So with trepidation afoot I woke at 4.00 a.m., which was not a great start. I tootled around the internet and at 8.30 a.m. I woke Chef, because Chef had said he was going to cook me a great breakfast. At 9.50 a.m. it arrived. I could have eaten a scabby cat at that point! I’d been awake for six hours. Apparently there were problems in the kitchen, which mostly pinpointed to a half awake Chef.
But when he presented me with this, Eggs Royale, a poached egg with smoked salmon, napped with a beautifully made hollandaise sauce on my own lightly toasted sourdough, all was forgiven. It was delicious.
The day then started gently, Son no.1 arrived (don’t worry he had still been isolating) and hubby had lit a fire as the weather has become cold and damp, and a little fire in the grate adds a warmth and cheerfulness to everybody. Son no.2 found a Christmas candle with a contraption that spins when the candle is lit and all of a sudden I could smell pine leaves and was looking around for the Christmas tree, such was the ambience of our mood.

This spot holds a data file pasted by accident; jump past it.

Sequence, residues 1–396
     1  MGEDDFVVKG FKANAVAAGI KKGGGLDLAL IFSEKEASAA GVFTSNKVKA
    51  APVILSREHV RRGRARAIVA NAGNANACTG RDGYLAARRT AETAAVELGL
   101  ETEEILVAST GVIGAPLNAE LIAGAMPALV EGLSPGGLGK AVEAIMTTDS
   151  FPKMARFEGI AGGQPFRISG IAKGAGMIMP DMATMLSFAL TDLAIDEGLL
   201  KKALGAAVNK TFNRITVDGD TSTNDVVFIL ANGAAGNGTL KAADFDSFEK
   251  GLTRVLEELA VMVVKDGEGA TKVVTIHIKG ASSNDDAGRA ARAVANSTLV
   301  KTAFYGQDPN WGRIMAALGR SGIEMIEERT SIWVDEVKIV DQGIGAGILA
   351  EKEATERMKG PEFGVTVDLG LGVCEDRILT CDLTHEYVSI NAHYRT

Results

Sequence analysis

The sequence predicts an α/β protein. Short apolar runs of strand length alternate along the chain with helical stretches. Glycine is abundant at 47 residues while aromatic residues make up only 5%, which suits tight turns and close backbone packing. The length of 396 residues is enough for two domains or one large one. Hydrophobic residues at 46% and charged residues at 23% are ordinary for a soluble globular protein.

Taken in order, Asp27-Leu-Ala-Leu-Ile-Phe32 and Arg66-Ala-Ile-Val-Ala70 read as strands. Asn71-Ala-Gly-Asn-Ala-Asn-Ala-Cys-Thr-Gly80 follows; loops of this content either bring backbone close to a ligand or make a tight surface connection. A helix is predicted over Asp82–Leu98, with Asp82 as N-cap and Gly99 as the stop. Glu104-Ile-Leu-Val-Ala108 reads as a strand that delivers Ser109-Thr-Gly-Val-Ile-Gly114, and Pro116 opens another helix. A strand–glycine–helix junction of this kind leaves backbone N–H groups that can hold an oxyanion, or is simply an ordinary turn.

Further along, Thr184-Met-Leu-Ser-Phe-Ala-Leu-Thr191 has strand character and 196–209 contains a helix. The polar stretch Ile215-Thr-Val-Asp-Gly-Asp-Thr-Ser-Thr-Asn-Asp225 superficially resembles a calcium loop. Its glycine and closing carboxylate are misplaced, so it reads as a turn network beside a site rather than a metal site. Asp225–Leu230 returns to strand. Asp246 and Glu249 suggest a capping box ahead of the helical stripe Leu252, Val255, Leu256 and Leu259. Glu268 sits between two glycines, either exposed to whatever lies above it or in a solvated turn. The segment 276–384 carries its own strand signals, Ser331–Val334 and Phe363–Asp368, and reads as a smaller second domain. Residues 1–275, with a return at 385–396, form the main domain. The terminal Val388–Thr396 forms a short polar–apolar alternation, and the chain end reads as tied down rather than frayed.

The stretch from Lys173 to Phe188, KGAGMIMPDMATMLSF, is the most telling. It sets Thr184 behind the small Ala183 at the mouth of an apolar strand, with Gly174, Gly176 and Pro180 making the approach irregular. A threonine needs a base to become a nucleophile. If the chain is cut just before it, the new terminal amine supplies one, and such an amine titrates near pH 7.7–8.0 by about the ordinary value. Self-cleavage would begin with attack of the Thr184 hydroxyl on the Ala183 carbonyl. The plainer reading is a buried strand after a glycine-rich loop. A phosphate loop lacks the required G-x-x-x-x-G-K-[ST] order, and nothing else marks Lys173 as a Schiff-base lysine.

The boys had sprawled and were eating junk food. Could I hear the sound of Christmas carols in the background, I think I could. There was even the smell of slow roasting meat coming from the kitchen that I’d popped into the oven a couple of hours previously.
Eventually we woke ourselves from our fug and went on down to the Abbey Fields for the now birthday tradition of feeding the ducks. We had such a great time. First a few family snapshots with my phone.
And then the feeding of the ducks.